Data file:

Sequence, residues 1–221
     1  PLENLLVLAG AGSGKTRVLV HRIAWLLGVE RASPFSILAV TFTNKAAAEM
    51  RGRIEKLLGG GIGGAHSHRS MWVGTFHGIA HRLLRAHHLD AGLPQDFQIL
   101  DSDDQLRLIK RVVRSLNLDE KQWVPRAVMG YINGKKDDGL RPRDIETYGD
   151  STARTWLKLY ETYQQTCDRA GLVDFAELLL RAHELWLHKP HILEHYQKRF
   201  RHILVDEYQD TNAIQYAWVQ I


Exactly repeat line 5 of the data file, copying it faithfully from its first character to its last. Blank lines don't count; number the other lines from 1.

   151  STARTWLKLY ETYQQTCDRA GLVDFAELLL RAHELWLHKP HILEHYQKRF